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 French President Emmanuel Macron talks with students at the Maison des Etudiants (Student House) of the Paris Saclay University in Saclay, near Paris
Students say they are facing psychological and financial hardship from the university closuresImage: Yoan Valat//REUTERS
EducationEurope

Macron pledges more support for locked-down students

January 21, 2021

French university students have protested against the financial and psychological effects of the lockdown. The French president has promised to allow a very limited return to campus.

https://p.dw.com/p/3oF2v

French President Emmanuel Macron on Thursday pledged more support for students affected by university closures.

Students had protested on Wednesday against campus closures as part of coronavirus restrictions, calling for a resumption of in-person teaching. They rallied against the financial and psychological effects of the lockdown.

In response, Macron promised that all students in France would receive two meals a day for €1 ($1.21) each, and be given subsidies to pay for professional counseling.

He also called for some relaxation of closures, saying he'd ask universities to consider allowing students on campus for one day each week — so long as they could maintain social distancing. One change in this vein is already in progress, with first-year students to be permitted to attend half-size classroom tutorials starting next week.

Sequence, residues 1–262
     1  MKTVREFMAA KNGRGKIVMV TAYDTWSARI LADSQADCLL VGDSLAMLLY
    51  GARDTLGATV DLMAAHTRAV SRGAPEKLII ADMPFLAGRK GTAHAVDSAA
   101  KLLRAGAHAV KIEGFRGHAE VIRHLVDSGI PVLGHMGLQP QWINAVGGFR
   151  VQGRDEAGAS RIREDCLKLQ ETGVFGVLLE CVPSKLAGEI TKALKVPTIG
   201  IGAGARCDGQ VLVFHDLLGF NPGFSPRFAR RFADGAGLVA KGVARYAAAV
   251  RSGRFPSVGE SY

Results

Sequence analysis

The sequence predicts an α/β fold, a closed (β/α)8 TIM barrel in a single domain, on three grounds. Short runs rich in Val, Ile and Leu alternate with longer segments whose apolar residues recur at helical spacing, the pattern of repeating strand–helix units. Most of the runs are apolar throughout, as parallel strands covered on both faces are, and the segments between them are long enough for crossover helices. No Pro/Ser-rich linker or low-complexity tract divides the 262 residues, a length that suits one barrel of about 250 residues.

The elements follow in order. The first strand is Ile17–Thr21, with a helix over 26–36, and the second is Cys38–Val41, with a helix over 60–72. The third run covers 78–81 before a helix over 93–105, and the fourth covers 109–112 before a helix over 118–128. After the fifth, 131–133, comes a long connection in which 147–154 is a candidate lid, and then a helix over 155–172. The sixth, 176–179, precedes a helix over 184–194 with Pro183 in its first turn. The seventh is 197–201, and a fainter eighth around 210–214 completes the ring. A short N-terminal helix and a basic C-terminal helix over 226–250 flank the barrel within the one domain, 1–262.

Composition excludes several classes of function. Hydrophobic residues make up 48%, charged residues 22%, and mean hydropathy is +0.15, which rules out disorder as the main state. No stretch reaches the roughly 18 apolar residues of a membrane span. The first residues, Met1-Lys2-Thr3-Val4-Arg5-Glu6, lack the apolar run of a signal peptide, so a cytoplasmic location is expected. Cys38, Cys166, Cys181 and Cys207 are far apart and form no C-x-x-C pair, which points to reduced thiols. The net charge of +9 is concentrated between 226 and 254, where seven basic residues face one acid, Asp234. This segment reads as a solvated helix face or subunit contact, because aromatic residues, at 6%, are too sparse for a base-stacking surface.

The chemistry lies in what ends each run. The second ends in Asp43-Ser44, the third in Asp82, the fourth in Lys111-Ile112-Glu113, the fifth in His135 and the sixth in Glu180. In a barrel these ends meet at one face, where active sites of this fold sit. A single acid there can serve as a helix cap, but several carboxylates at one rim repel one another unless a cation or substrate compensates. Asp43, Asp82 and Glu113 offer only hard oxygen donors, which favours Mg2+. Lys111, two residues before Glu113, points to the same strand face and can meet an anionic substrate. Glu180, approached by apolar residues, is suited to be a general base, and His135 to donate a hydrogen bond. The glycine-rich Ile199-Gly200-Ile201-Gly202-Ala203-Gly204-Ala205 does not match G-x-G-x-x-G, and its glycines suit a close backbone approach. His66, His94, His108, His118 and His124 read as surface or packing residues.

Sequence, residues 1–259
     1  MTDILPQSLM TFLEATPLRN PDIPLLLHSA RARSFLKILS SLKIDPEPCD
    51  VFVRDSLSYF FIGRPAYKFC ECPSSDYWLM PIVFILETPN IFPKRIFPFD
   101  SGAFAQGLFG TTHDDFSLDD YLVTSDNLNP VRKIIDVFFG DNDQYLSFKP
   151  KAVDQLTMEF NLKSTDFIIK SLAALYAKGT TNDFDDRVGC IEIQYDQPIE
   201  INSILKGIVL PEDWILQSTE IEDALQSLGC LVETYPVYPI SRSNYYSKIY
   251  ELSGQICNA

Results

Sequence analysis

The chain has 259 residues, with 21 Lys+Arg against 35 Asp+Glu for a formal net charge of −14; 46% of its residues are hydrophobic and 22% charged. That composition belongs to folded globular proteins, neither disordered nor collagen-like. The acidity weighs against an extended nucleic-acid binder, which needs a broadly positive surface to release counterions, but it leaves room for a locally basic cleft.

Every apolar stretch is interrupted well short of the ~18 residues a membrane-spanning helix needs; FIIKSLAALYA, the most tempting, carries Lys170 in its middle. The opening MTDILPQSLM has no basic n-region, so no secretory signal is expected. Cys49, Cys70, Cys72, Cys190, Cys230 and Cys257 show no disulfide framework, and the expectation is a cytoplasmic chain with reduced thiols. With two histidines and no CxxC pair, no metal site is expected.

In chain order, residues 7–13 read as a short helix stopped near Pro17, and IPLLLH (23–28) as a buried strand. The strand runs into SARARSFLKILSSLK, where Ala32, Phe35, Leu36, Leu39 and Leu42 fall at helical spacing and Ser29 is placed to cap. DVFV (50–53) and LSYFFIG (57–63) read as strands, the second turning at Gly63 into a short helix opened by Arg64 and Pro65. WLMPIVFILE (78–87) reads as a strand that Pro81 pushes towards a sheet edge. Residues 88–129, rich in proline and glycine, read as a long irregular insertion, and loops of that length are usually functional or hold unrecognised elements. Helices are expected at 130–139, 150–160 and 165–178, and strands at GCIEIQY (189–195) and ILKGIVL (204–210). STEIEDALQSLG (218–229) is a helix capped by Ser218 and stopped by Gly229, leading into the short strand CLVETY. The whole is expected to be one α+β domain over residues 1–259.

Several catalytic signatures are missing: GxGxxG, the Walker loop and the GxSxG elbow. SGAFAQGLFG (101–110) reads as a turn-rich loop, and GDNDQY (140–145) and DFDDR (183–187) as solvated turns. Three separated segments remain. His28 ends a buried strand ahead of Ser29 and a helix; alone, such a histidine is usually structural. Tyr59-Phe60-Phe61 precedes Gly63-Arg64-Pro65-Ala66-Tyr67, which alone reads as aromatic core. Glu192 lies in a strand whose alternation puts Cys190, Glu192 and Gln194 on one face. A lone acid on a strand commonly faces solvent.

"Given what your generation has already gone through, we cannot but take into account your right to some on-site presence, to exchange with your teachers, and to meet with other students," Macron told students at the Paris-Saclay University.

He said this would be "complicated," but that he trusted the universities could find a way.

Young people and the pandemic

Restrictions here to stay

However, he dampened hopes of lifting the lockdown entirely, telling students the COVID-19 restrictions would not be removed any time soon.

"We will have a second semester with the virus and many restrictions," he said.

He urged students to look out for each other and help fellow students cope with stress and depression caused by the restrictions.

"You need to take care of each other," he said, while acknowledging that students were deprived of the chance to make new friends and establish relationships.

Students are still affected by a 6 p.m. to 6 a.m. nationwide curfew and fewer options for student jobs.

Scientists in France have called for the imposition of another strict lockdown, with the country facing a renewed rise in infections.

aw/msh (AFP, Reuters, dpa)

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